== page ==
What's worse, prison or HIV? He'll tell you prison. He'll tell you prison'll kill you before any virus. He hears it all the time: Ain't you dead? Ain't you dead yet?
But it's not the HIV that almost got him, it's that "Hitler bitch" in Texarkana, where they left him to rot in the hole. He was locked up for 14 months, 8 days, 6 hours and 46 minutes, and he says they had him in the hole for 3 months, 25 days, 3 hours and 2 minutes of it. He says they put him in a metal box, and lit it up with a floodlight. Lit it up 24/7.
That'll burn your eyes, all right. He can't sleep to save his life now unless he wears a triple-layered blindfold—otherwise, light gets in. It may be imaginary light, but it gets the hell in.
That's how much they screwed him up in there. HIV never cost him one second of sleep (so he says), but prison infected him with hate. Prison had him so ticked off that when he got out, he says he thought about making some bombs and blowing up the place: "I was goin' back down to Texarkana. I was gonna take care of business."
But payback will have to wait. Maybe forever. And that's the poignant thing: This former heavyweight champion can maybe think about forever.
Five years ago, when The Magazine profiled him in its inaugural issue, Tommy Morrison was wasting away. His T-cell count had dropped to 3. (Normal is 700-1,000. Under 200 is considered AIDS.) He was doing crank. He refused to take his HIV pills. He was married to two women at once. He refused to use condoms. He carried a gun.
Five years ago, Tommy Morrison was a dead man. A dead man, guaranteed. A bevy of doctors refused to treat him back then, telling him if he didn't take his medication, it was no use, no use at all. Boy, would he like to see them now.
Five years later, he's got some news. Some breathtaking news. And it's not that he's still here, because he still thinks HIV's a crock. And it's not that he's at his former fighting weight of 225 pounds, because that's partly due to the prescription steroids he takes. And it's not that his T-cell count is now 371, because he's not at all proud of that. No, Tommy Morrison has some other news. News he wants to tell you, your neighbor, that "Hitler bitch" and the Centers for Disease Control:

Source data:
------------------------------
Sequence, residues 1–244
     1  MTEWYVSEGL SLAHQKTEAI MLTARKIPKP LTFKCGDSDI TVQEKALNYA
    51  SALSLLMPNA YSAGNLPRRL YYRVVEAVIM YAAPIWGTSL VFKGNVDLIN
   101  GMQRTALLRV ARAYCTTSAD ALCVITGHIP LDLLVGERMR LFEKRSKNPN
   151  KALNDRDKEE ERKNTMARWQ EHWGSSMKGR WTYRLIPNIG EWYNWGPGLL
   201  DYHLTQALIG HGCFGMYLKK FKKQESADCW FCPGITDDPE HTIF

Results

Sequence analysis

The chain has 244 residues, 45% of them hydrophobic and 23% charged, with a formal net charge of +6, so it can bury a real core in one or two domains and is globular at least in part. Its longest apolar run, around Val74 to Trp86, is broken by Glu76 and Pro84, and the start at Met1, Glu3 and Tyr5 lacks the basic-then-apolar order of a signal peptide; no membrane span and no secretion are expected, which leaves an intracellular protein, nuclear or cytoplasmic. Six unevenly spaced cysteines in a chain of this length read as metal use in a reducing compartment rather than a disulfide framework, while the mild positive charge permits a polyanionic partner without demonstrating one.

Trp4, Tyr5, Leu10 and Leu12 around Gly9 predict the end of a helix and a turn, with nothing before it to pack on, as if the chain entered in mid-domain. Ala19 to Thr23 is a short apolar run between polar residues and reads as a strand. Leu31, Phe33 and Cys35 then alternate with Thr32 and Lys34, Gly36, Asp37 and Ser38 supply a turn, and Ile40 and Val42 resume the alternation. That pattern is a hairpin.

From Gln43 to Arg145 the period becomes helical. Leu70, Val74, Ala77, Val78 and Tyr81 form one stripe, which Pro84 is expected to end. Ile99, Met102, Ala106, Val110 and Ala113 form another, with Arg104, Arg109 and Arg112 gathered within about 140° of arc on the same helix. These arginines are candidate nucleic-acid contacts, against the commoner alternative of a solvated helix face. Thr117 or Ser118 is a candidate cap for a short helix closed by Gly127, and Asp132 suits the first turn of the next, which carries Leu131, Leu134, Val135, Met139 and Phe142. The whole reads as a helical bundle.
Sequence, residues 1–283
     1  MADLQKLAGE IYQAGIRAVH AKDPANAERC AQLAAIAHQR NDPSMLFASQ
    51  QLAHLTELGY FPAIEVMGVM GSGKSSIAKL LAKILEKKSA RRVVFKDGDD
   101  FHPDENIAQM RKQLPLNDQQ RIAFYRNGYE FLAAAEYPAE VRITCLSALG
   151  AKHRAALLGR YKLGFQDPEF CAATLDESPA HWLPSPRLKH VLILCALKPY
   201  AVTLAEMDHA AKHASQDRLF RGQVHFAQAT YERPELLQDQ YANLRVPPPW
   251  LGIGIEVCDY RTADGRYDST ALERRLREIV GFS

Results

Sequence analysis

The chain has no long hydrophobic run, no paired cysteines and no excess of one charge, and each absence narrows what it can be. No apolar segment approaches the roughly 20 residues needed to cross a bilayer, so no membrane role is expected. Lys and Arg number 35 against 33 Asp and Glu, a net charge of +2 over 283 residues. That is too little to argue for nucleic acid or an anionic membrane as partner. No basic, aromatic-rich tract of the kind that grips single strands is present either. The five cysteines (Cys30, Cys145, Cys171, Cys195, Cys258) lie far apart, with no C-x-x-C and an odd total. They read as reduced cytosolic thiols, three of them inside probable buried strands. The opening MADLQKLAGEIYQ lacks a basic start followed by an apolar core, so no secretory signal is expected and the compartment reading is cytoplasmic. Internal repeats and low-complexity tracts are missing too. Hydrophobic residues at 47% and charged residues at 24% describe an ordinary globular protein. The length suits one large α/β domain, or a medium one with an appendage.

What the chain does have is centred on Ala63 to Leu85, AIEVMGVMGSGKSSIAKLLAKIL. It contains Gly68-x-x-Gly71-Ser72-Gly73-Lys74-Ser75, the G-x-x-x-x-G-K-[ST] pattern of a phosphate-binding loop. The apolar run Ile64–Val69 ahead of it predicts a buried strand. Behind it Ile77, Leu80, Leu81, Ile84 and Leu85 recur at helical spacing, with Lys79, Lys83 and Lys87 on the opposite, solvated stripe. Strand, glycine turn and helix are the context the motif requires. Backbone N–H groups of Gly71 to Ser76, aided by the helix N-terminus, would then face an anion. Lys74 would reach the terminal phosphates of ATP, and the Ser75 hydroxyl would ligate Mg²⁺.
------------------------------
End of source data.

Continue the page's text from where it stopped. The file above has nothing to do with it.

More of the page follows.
The wife is pregnant.
So this pretty much postpones the obit.
"Bet that pisses people off," Morrison says. He now lives 100 miles east of Nashville, in a modest home he keeps colder than an icebox. His wife—he's down to one now—walks around all day with a blanket, because even in the dead of winter, the AC's jacked up. The room temperature has to be 62°, and his only explanation is he's hot-blooded. And he drinks too much black coffee.
But a home is a home, and fact is, he could be living in a cave right now. Five years ago, he bought an acre of land with a cave on it because he thought the world was going to end at the stroke of midnight, Y2K. He would need a strong roof over his head, and this cave, at the foot of a mountain in Flippin, Ark., was going to be it.
Except he spent Y2K in the county jail.
Sometimes possession of drugs and guns gets you 14 months, and sometimes possession of drugs and guns gets your life straightened out. In Tommy Morrison's case, it somehow did both. He went to jail in December 1999 strung out and weighing 190, and he walked out in February 2001 weighing 225 and carrying a box of pills.
It's taken him five years to reinvent himself, and the journey's included a tough judge, two Dawn Morrisons, three different prisons and an episode of Montel Williams' show. The HIV in Morrison's system is undetectable now, according to Dr. Stanley Bodner, a Nashville physician who sees Morrison every other month. Morrison, now 34, claims he's healthy because he's eating right; Bodner says it's because Morrison's on HIV meds. Either way, we can call off the deathwatch.
"You owe me an apology," Tommy says.
And he owes us an explanation.
Beating George Foreman for the WBO title in 1993 doesn't carry any weight. Neither does going 46–3–1 with 40 KOs. Not in the joint.
On Sept. 16, 1999, traffic cops in Fayetteville, Ark., arrested Tommy Morrison after discovering cocaine, drug paraphernalia and a gun in his Corvette. He was arrested again in November for marijuana possession and public intoxication. Deeming Morrison a flight risk, a circuit court judge revoked bail on Dec. 21 and ordered him to the county jail pending trial. In January 2000, Morrison pled guilty to four felony charges and was sentenced to 10 years (eight suspended).
Local prison officials in Fayetteville say that, from the start, they kept Morrison isolated so he could have access to nurses and medication. Says deputy Jak Kimball: "I remember thinking, 'This guy looks awful.' "
Morrison remembers thinking, I gotta get outta here. So he spit his dinner into a cup to make it look like puke. He drew dark circles under his eyes with cigarette butts. He groaned loudly. His boy Sly Stallone, who made him a star in Rocky V, would have been proud of the acting job. The guards bought it, and after 35 days, Morrison was sent to a hospital. ("How would I know he was faking?" Kimball says. "I'm not a doctor.")
Morrison was subsequently transferred downstate to the Southwest Arkansas Community Correction Center in Texarkana, a converted hospital that houses multiple drug offenders and felons convicted of nonviolent crimes. "That's the place," Morrison says, "where I got tortured."
On his arrival in Texarkana, Morrison was sent to the Special Needs floor for evaluation, and admits now, "I wasn't playing their game, and they didn't like it." The floor supervisor was a taciturn woman of German descent whom Morrison called "Hitler." Morrison says she was "the sadistic bitch" who almost broke him.